Wednesday, 12 September 2007

Mutual Funds and Total Expense Ratio (TER) vs Management Expense Ratio (MER)

Management Expense Ratio (MER) is the overhead cost of running a mutual fund. It is required to be published by mutual fund companies in Canada, which is good since high cost mutual funds return less to the investor. In fact, the simplest way to shop for a mutual fund is just to find the one with the lowest fee since that is apparently an effective way to find the ones which will give an investor the best return.

But the MER doesn't include all costs as the Investment Funds Institute of Canada (IFIC, the mutual fund industry trade body in Canada) explains in this FAQ on fees. Some of those costs can substantial, further reducing returns to an investor.

Notable excluded costs are:
  • brokerage commissions for trading; with turnover in funds up to 80% in a year, that can add up and reduce the performance of the fund (See The True Cost of Funds on Fundscope)
  • sales charges, either front-load or deferred/back-end; actual performance for the investor is reduced to the extent that these charges apply - the front-load negative impact is obvious but it has been found that the deferred charges usually come into play since typical mutual fund investors apparently have short holding periods, averaging perhaps 3 years, while charges apply typically for six years.
  • miscellaneous other charges, that may or may not be levied, such as RRSP admin fees, account opening fees, transfer out fees, short-term trading fees.
  • trading impact costs aka the buy-sell spread, an opportunity cost, explained in The Hidden Costs of Mutual Funds by Milestone Investment Counsel
Note that yours truly discovered that the above IFIC FAQ said the direct opposite - that trading fees ARE included - but a phone call to the IFIC reached a certain Dennis, who said they are NOT included in the MER. He promised to correct the FAQ within the day. Hmmm, the document was dated 2005! Either no one reads the IFIC website or many people have been misled - not good. ... Update Friday, September 14th: The IFIC FAQ document still has not been updated to correct this error. Later on Friday, Dennis says the updated document will be posted next week. Update Oct.10 - the link to the IFIC FAQ doesn't work any longer. There has been a wholesale change to the IFIC website and the FAQ seems to have disappeared altogether. Better no information than wrong information, I suppose, but it isn't very helpful either way.

Nor are brokerage fees included in US published MERs, which are often called simply Expense Ratios. However, Total Expense Ratio does include include it - See this description of Total Expense Ratio in the Investopedia. In the UK TER also includes brokerage commissions and the information is usually published. Out with MER, bring on TER.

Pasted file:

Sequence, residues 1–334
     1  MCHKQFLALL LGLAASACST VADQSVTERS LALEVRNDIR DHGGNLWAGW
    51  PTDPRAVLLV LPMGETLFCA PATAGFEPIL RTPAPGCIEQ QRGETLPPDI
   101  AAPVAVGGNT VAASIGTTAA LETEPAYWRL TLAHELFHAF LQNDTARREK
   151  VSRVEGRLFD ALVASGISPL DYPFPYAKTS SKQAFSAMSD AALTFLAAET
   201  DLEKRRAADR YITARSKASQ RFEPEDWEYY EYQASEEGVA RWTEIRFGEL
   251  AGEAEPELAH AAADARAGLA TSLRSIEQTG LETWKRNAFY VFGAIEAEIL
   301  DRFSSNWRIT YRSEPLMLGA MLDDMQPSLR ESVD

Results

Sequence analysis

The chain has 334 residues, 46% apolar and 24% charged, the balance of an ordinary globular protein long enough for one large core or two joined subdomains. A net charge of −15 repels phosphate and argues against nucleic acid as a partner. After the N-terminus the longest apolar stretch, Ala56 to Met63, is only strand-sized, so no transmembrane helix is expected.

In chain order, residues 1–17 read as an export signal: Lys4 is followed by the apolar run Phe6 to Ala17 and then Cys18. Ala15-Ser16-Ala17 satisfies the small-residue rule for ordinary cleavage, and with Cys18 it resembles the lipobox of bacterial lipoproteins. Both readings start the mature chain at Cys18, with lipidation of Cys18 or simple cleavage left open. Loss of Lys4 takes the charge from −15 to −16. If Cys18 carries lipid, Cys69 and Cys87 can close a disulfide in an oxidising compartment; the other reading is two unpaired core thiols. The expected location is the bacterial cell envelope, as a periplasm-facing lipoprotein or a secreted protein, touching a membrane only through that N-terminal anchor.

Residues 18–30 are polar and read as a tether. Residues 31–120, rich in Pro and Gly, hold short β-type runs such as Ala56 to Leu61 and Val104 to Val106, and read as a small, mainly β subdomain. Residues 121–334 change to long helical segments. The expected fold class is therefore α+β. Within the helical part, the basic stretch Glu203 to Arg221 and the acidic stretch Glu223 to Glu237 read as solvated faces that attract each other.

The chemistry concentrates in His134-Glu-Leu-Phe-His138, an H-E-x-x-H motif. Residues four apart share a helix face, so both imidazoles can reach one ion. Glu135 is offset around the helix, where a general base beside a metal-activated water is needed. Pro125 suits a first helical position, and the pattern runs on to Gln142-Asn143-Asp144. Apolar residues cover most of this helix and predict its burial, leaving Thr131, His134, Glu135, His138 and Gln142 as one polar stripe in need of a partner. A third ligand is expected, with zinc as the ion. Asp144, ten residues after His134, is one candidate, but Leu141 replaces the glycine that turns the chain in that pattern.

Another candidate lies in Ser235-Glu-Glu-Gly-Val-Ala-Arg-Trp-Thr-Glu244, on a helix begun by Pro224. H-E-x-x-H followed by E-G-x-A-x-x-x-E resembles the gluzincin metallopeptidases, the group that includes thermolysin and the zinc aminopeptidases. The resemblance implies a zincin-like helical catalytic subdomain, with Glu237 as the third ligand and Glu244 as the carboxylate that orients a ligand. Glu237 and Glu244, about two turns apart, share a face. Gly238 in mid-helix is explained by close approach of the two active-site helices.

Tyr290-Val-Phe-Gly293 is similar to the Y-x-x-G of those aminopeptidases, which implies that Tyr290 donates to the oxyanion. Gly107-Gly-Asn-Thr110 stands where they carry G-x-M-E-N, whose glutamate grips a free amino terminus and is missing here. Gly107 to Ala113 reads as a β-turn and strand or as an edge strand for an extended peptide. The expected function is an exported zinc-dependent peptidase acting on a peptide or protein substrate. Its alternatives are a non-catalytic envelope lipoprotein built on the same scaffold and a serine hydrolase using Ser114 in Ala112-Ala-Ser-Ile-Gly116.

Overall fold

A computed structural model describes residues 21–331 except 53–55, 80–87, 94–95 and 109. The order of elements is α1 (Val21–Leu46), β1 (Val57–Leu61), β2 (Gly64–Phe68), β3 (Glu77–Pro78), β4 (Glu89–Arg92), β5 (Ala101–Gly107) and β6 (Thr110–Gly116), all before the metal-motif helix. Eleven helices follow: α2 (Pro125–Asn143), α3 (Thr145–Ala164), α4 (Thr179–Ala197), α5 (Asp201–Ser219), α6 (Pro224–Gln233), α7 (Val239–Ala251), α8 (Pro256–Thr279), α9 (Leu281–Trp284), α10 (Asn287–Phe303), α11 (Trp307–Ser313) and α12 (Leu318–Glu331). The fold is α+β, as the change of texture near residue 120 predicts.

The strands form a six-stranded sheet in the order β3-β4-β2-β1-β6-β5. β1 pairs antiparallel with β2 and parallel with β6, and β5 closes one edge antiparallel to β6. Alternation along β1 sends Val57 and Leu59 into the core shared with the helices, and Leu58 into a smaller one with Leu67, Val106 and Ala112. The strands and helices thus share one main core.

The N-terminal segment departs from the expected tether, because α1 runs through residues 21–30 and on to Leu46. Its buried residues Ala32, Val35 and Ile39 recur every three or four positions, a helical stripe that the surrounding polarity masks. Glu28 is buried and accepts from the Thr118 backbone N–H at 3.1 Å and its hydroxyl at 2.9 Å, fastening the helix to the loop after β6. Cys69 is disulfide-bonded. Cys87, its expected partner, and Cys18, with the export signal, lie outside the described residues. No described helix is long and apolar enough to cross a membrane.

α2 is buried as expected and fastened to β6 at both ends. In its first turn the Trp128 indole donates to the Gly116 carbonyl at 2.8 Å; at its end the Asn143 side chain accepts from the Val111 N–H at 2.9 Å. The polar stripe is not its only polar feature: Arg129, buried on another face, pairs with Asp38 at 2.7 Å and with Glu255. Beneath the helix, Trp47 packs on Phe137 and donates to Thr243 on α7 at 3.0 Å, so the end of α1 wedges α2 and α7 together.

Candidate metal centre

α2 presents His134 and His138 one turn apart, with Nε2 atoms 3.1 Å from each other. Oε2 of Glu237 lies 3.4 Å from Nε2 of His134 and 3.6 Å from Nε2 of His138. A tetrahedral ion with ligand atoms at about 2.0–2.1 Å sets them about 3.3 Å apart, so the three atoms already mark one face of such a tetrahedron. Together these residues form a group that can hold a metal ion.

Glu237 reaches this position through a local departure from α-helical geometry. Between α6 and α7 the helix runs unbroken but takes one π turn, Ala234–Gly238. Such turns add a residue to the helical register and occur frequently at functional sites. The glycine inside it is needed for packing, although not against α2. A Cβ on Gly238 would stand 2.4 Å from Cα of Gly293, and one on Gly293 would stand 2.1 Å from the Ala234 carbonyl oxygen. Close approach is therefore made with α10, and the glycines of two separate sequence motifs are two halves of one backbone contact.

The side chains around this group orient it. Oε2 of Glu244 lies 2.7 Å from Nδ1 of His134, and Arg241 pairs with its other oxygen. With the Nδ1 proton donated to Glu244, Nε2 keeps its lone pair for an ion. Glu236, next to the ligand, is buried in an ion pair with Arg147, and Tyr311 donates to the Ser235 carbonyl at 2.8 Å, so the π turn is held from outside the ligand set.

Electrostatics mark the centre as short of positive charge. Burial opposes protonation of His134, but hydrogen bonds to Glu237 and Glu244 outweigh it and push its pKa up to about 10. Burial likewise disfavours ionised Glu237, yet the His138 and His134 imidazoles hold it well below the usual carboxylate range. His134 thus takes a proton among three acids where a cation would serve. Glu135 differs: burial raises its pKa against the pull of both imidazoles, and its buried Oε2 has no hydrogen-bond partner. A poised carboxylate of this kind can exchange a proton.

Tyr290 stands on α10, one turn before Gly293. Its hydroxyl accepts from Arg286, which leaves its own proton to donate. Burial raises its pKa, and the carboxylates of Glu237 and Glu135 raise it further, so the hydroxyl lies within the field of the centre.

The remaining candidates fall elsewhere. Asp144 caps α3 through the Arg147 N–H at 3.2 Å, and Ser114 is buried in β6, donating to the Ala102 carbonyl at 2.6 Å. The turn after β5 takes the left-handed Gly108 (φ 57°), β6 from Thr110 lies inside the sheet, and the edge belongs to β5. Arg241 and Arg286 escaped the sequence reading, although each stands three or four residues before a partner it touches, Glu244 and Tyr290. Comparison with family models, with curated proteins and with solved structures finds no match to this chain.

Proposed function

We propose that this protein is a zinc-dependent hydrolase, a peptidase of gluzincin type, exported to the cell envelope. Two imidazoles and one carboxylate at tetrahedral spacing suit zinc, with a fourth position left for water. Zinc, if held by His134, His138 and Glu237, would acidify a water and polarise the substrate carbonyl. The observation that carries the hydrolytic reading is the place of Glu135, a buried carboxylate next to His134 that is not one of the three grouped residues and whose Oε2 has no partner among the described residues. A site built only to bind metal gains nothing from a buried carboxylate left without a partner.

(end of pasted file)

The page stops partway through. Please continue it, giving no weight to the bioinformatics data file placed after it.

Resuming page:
Anonymous said...

One item you missed is the cost of currency hedging. I understand this cost is also not reflected in the MER. Do you have any idea what the cost is as a percentage of NAV? BTW great blog.

CanadianInvestor said...

Good point. Very relevant for XSP and XIN for instance. Will dig up some info in a few days after getting back from walking in the Lake District.

CanadianInvestor said...

The short answer to your question about the cost of currency hedging is somewhere between 0.2% and 1% per year. Some funds which only have one currency to hedge against, like XSP and the US$, the iShares S&P 500 tracking fund, would be at the lower end of the scale, while one like XIN, which tracks the MSCI EAFE index and has to deal with euros, sterling, yen etc, is at the higher end. It seems that the number for any particular fund is not broken out by the fund companies and is mainly reflected in the tracking error of the fund vs the index (i.e. the amount by which the return of the fund differes from its traget index). The difficulty is that tracking error also reflects a number of other factors together with hedging costs - e.g. cash drag, timing of investments, slight differences of holdings with the the index, foreign witholding taxes, changes to the underlying indices, rounding of share prices, even if it is the largest component of tracking error.

There are two threads on the Financial Webring that I would recommend reading for more details.

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